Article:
Mike Bergman released the first draft of its UMBEL ontology. Me and some other people helped him to come up with that new ontology.What is UMBEL? UMBEL is a lightweight subject reference structure. People can see it as a pool of subjects. Subjects are related together at a synonymy level; so, subjects of related meaning will be binded together.
The objectives of this new ontology are:
- A reference umbrella subject binding ontology, with its own pool of high-level binding subjects
- Lightweight mechanisms for binding subject-specific ontologies to this structure
- A standard listing of subjects that can be refererenced by resources described by other ontologies (e.g., dc:subject)
- Provision of a registration and look-up service for finding appropriate subject ontologies
- Identification of existing data sets for high-level subject extraction
- Codification of high-level subject structure extraction techniques
- Identification and collation of tools to work with this subject structure, and
- A public Web site for related information, collaboration and project coordination.
Given these objectives, I see a couple of main applications where such ontology could be used:
- Helping systems to find data sources for a given ontology. UMBEL is much more than a subject structure. In fact, UMBEL will bind subjects, with related ontologies and data sources for these related ontologies. So, for a given subject, people will be able to find related ontologies, and then related data sources.
- Acting as a subject reference backbone. So, it could be use by people to links resources, using dc:subject, to its subject resource (the UMBEL subject proxy resource), etc.
- Could be used by user interface to help them with handling subjects (keywords) references to find related ontologies (that have the power to describe these subjects).
- Eventually it should be used by PingtheSemanticWeb to bind pinged data to the subject reference structure.
- And probably many others.
Creation of the Ontology
A procedure will be created to automatically generate the ontology. The gross idea is to reuse existing knowledge bases to create the set of subjects, and their relationship, that will create the ontology. So, the idea is to come up with a representative, not too general, not too specialized, set of subjects. For that, we will play with knowledge bases such as WordNet, Wikipedia, Dmoz, etc. We will try to find out how we could prune unnecessary subjects out of them, how we could create such a subject reference framework by taking a look at the intersection of each data set, etc. The procedure is not yet developed, but the first experiments will look like that.
As explained in the draft:
The acceptance of the actual subjects and their structure is one key to the acceptance — and thus use and usefulness — of the UMBEL ontology. (The other key is simplicity and ease-of-use or tools.) A suitable subject structure must be adaptable and self-defining. It should reflect expressions of actual social usage and practice, which of course changes over time as knowledge increases and technologies evolve.
A premise of the UMBEL project is that suitable subject content and structures already exist within widely embraced knowledge bases. A further premise is that the ongoing use of these popular knowledge bases will enable them to grow and evolve as societal needs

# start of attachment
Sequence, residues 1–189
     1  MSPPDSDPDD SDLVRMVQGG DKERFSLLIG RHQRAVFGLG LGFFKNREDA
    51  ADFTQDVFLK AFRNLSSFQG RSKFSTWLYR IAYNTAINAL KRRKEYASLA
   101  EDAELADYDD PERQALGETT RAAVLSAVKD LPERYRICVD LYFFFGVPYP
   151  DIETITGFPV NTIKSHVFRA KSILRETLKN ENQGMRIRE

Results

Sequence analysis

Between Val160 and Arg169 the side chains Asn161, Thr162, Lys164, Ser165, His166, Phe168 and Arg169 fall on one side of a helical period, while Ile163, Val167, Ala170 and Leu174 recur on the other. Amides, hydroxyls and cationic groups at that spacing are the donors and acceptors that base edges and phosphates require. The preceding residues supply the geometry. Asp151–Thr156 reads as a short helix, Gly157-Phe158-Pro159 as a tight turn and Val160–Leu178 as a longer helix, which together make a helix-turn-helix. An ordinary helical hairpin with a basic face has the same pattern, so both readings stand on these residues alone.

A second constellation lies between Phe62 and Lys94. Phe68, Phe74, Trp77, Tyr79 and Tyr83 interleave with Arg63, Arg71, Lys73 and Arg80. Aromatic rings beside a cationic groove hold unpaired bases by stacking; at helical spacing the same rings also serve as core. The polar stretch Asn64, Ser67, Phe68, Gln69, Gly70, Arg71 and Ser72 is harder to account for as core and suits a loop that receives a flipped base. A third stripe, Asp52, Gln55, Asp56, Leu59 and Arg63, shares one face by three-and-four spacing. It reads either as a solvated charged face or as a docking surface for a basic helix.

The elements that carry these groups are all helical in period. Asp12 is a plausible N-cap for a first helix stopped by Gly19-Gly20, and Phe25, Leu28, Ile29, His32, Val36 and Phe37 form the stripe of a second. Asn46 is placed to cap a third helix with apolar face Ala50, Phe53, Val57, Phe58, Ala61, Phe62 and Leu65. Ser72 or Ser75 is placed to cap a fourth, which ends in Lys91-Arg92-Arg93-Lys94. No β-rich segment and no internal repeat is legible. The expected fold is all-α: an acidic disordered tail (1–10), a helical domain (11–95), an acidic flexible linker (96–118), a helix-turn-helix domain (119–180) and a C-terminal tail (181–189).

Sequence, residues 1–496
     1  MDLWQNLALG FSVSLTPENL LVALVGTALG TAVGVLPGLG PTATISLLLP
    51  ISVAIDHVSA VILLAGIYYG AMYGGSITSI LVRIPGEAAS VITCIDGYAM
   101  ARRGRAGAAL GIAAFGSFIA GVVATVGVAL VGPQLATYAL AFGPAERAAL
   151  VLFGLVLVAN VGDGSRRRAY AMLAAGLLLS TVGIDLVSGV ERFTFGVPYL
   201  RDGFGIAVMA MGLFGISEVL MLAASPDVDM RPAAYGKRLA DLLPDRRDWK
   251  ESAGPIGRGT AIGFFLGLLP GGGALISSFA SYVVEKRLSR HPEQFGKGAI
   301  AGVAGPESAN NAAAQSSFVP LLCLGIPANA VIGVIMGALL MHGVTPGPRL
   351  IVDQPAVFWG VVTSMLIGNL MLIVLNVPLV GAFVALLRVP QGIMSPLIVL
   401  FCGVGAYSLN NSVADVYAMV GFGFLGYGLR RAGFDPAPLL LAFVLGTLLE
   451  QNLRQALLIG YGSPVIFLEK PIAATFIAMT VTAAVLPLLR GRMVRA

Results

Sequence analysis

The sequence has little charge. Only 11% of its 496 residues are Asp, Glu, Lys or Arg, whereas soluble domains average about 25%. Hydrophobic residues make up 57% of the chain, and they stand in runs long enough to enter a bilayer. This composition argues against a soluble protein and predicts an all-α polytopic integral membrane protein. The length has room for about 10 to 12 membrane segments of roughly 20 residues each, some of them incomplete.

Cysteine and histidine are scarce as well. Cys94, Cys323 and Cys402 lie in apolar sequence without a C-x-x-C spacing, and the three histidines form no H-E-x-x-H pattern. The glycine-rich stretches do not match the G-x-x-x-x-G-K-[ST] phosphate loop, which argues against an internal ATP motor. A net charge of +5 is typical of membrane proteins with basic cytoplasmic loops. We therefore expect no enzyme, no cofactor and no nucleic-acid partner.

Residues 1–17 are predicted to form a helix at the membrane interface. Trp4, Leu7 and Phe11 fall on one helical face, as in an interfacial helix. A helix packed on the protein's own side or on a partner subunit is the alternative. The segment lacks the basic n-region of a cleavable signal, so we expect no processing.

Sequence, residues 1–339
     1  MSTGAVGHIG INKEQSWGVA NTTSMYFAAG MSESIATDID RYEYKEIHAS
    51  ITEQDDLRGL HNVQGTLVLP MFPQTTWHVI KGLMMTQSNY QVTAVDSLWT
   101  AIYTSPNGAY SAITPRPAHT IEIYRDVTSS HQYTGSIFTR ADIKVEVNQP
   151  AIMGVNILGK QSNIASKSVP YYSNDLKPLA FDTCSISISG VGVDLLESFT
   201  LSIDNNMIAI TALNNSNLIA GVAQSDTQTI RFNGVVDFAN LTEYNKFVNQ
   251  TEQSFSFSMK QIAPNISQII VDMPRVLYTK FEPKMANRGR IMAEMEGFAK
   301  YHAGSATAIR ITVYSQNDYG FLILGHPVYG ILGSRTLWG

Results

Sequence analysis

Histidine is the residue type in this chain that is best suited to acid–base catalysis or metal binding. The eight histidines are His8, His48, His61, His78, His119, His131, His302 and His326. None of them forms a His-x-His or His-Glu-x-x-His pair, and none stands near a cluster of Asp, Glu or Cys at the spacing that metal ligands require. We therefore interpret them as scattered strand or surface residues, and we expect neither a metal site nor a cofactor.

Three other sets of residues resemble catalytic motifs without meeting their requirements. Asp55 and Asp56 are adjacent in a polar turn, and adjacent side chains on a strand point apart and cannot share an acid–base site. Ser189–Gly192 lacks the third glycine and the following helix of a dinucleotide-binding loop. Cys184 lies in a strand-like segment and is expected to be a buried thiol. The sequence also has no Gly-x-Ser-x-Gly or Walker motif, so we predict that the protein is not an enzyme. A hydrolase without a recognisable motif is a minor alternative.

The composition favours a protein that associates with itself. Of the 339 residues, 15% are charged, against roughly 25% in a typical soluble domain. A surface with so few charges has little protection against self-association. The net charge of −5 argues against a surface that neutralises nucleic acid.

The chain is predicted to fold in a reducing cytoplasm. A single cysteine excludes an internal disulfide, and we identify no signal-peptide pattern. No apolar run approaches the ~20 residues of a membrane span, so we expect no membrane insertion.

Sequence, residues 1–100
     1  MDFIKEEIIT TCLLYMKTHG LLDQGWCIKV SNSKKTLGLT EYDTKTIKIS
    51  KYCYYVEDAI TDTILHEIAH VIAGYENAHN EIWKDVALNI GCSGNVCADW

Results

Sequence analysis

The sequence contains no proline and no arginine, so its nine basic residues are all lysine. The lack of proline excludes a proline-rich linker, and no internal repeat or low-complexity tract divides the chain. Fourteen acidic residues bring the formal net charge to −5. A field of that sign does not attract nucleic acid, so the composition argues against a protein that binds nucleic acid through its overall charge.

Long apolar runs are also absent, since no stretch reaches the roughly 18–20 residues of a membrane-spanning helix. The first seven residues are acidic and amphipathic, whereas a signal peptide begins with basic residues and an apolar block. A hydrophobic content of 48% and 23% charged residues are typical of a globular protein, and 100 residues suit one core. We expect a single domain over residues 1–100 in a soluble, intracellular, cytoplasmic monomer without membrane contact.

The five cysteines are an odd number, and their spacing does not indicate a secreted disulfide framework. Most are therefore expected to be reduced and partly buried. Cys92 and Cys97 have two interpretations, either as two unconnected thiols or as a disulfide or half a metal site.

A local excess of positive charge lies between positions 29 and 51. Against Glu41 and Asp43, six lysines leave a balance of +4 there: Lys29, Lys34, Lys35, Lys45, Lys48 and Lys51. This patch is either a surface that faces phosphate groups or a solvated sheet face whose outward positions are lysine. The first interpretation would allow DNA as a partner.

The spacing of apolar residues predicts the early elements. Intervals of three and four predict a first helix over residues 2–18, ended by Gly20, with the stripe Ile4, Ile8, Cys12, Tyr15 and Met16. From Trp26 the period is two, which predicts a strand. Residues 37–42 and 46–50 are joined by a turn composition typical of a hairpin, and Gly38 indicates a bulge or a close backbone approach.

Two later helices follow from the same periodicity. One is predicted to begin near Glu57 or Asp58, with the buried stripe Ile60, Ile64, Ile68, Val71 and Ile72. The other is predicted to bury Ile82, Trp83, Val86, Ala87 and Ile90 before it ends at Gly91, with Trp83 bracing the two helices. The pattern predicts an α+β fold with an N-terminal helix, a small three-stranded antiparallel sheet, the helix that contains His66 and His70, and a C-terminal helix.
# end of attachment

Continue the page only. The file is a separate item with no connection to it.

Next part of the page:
and practices grow and evolve.
The major starting point for the core subject pool is WordNet. It is universally accepted, has complete noun and class coverage, has an excellent set of synonyms, and has frequency statistics. It also has data regarding hierarchies and relationships useful to the UMBEL look-up reference structure, the ‘unofficial’ complement to the core ontology.
A second obvious foundation to building a subject structure is Wikipedia. Wikipedia’s topic coverage has been built entirely from the bottom up by 75,000 active contributors writing articles on nearly 1.8 million subjects in English alone, with versions in other
degrees of completeness for about 100 different languages. There is also a wealth of internal structure within Wikipedia’s templates.
These efforts suggest a starting formula for the UMBEL project of W + W + S + ? (for WordNet + Wikipedia + SKOS + other?). Other potential data sets with rich subject coverage include existing library classification systems, upper-level ontologies such as SUMO, Proton or DOLCE, the contributor-built Open Directory Project, subject ‘primitives’ in other languages such as Chinese, or the other sources listed in Appendix 2 – Candidate Subject Data Sets.
Though the choice of the contributing data sets from which the UMBEL subject structure is to be built will never be unanimous, using sources that have already been largely selected by large portions of the Web-using public will go a long ways to establishing authoritativeness. Moreover, since the subject structure is only intended as a lightweight reference — and not a complete closed-world definition — the UMBEL project is also setting realistic thresholds for acceptance.
If you are interested in such an ontology project, please join us on the mailing list of the ontology’s development group, ask questions, writes comments and suggestions.
Next step is to start creating a first version of the subject proxies.